The Executive is the part of government that does the actual governing. It consists of all Ministers of the Crown (such as the Prime Minister and the Minister of Finance) and most public service ministries and departments (such as the Ministry of Education, and the Department of Labour).

Ministers of the Crown are responsible for deciding what policies the government should follow, the rest of the executive and the public service carry out those policies. Most important policy decisions are made by the Cabinet, which is made up of most Ministers of the Crown, and meets weekly.

The constitution says that only Members of Parliament may be appointed as Ministers of the Crown. By convention, the Prime Minister and other Ministers may only hold office as government while they are able to win a vote in the House on matters of confidence – issues that are vital to the government’s programme.

This also means that Ministers must be accountable to Parliament for the performance of the government. While elections are about choosing Members of Parliament, this convention links the choice of Parliament to our choice of government.

The Judiciary

The Judiciary is the referee which determines who is allowed to do what, should any disagreement arise. It holds the balance between the power of the state and the rights of citizens. The judges, who are the members of the Judiciary, have the power to stop the government from taking any action that goes against the laws made by Parliament, or the principles of common law, also part of our constitution.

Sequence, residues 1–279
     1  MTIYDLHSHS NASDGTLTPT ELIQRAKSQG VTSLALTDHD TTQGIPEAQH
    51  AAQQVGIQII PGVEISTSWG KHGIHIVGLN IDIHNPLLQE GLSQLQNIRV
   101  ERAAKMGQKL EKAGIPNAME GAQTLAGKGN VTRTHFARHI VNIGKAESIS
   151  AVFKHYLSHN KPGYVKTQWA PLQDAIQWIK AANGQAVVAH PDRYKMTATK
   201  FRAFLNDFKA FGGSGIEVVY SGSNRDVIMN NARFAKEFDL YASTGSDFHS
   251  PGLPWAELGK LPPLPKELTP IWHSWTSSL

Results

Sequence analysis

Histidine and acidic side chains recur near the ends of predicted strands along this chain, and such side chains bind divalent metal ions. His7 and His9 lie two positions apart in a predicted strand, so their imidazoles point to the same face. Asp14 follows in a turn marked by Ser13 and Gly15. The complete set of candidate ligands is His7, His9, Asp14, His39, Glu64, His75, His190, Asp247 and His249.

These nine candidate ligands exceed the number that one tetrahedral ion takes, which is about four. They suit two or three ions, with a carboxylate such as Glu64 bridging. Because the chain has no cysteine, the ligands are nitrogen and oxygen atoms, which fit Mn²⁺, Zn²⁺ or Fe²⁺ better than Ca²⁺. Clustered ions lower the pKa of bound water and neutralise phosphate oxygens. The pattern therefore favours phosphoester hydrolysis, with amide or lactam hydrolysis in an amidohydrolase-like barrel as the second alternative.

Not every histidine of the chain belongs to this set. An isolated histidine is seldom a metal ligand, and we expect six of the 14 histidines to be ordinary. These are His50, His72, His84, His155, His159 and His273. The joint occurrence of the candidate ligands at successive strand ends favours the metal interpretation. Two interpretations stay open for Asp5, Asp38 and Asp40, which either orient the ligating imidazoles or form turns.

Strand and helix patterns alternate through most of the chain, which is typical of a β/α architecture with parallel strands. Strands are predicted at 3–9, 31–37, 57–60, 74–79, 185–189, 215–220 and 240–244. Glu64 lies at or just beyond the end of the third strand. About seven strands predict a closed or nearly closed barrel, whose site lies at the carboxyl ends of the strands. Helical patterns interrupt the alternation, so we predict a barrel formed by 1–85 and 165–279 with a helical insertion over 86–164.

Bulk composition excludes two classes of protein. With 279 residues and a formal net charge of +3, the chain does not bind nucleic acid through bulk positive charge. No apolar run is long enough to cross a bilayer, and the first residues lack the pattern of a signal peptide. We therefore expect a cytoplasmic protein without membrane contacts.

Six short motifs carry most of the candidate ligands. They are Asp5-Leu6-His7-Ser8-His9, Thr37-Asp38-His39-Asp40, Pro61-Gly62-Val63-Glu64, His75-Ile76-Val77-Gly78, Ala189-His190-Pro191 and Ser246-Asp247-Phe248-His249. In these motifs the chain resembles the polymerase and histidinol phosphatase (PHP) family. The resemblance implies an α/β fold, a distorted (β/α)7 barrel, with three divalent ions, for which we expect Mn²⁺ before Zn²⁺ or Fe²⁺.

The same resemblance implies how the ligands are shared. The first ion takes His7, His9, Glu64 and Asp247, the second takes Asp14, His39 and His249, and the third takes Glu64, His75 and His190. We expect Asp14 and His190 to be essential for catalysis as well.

To ensure their in-dependence, the Judges of the Court of Appeal and High Court are protected against removal from office and reduction in salary.

Separation of powers

Each branch of our government has different powers. In theory, each acts as a brake on the power of the others.

However, the development of political parties in the last 200 years has enabled Cabinet to effectively control Parliament, although the arrival of MMP has changed the nature of that control.

While the Governor-General theoretically has great powers, in most cases, convention requires that these powers be exercised on the advice of Ministers.

Nevertheless Parliament, govern-ment, the Judiciary, and even the Governor-General do not always agree. Judges sometimes rule that the government has broken the law. Parliamentarians are sometimes annoyed that judges don’t rule the way they would like. Ministers occasionally find that Parliament will not pass the laws that they ask for. These disagreements are not signs that something is wrong with the system: exactly the opposite, in fact. They are healthy signs that the balance is being kept. .



Photo shows three parliament buildings.

Parliament Buildings










Photo shows the Treaty of Waitangi in a framed case.

The Treaty of Waitangi is one of New Zealand's founding documents